And so on ….so our statement inside the loop will be:

Microsoft Excel VBA loops tutorial by DataMInded

Let’s finish this excel loop statement by telling excel to move on to the next loopCounter when it has finished:

image17.png

Now let’s run this code, and the result should be the following:

Microsoft Excel VBA loops tutorial by DataMInded

In the examples above we performed the same action in each of the loops, but it doesn’t have to be that way. In some situations, depending on the cell value for example, we want the macro to perform different actions.

Let’s see an example,

In the following range, we want to enter the value 100 in each of the empty cells.

Microsoft Excel VBA loops tutorial by DataMInded

The first part of the code is the same as the example above, we will use a loop counter to move from cell to cell:

Microsoft Excel VBA loops tutorial by DataMInded

Next, we want to check first the cell value, if the cell is empty then we want to enter the value 100. We will use the VBA If Then statement to check the value:

Microsoft Excel VBA loops tutorial by DataMInded

Note that we do not need an Else block here as we do not want any action taken if the cell is not empty.

And lastly, we will close the loop by moving to the next cell:

Microsoft Excel VBA loops tutorial by DataMInded

Run this code and you should see the following result:

Microsoft Excel VBA loops tutorial by DataMInded

If you would like to read more about this topic, check out the Microsoft guide to using it here:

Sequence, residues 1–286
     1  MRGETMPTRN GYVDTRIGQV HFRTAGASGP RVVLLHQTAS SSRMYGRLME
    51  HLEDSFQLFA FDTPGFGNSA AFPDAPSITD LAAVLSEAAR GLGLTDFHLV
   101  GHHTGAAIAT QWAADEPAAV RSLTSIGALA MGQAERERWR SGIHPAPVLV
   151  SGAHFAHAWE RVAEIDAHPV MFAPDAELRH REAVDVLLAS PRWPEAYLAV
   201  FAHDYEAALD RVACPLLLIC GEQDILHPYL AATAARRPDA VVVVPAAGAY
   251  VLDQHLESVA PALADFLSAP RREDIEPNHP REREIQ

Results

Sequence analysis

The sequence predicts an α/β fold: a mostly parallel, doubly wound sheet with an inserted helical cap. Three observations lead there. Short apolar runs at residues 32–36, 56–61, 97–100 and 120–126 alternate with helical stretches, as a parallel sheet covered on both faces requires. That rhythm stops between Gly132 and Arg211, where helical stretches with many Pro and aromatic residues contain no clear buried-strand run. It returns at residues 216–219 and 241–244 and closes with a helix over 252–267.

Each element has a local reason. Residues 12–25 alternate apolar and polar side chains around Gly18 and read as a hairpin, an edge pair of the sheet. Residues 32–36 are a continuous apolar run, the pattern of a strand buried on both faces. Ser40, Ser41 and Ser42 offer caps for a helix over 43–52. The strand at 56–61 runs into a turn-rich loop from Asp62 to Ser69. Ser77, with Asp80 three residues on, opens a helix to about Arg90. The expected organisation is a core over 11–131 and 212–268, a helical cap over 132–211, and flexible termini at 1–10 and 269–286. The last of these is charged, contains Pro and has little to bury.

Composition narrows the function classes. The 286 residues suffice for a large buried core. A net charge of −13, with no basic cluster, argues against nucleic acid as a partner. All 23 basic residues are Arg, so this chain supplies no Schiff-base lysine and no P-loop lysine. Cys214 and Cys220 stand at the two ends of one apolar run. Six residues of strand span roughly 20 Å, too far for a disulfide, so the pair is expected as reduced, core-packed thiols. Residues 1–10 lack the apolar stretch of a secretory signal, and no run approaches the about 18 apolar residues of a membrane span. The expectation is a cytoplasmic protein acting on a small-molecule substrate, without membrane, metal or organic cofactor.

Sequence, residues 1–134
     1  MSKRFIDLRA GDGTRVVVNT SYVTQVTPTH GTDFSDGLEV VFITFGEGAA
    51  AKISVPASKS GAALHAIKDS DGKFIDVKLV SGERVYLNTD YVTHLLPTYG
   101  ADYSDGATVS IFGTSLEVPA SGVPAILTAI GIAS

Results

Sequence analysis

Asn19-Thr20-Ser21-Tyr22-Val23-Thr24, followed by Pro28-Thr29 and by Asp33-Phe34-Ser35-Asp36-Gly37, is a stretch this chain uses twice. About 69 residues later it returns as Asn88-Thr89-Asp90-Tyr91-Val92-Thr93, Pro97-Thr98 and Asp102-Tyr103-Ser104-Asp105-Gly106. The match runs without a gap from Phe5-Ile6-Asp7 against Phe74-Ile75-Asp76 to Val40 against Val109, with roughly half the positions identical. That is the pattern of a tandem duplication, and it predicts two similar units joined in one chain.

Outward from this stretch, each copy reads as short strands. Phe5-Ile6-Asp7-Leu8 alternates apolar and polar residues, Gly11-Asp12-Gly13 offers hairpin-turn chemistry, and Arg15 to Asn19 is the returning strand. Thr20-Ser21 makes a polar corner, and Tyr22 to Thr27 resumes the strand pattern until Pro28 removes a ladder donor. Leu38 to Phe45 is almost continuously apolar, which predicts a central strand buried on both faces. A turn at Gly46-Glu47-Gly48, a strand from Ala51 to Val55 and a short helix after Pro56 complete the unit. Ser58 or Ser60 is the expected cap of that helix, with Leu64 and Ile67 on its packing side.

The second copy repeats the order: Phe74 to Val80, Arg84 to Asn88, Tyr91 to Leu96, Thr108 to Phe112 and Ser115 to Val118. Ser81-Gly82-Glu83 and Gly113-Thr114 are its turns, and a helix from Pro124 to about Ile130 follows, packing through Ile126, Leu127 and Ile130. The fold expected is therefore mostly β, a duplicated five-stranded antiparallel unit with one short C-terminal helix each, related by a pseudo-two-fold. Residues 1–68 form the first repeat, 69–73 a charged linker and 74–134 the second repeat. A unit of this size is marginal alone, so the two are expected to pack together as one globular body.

For...Next statement (VBA) | Microsoft Docs

VBA For Each Loop

The example above we can achieve it using the excel For Each Loop as well. The main purpose of this kind of loop is to move through objects in excel.

Let’s modify the example above using the VBA For Each Loop

We are now moving between objects in excel, we do not need the loop counter anymore.

We just need to tell excel what object we are using. In our Example it’s a range.

Let’s declare a Range variable:

image25.pngMicrosoft Excel VBA loops tutorial by DataMInded

We will move through the range: Range (“A2:A10”)

Let’s assign this range to a variable as well:

Microsoft Excel VBA loops tutorial by DataMInded

The structure that we will use is:

Microsoft Excel VBA loops tutorial by DataMInded

Our element is cell

Our Range is myRange

The first line of the statement:

Microsoft Excel VBA loops tutorial by DataMInded

Next we will check if the cell is empty and enter 100:

image28.pngMicrosoft Excel VBA loops tutorial by DataMInded

Let’s close the loop by moving to the next cell:

Microsoft Excel VBA loops tutorial by DataMInded

Run the code and you will see the same result as above.

If you would like to read more about this topic, check out the Microsoft guide to using it here:

Using For Each...Next statements (VBA) | Microsoft Docs

VBA Do While Loop

This type of loop will run for as long as the condition is True.

In the range below, we want to make red each of the cells that contain a name.

Microsoft Excel VBA loops tutorial by DataMInded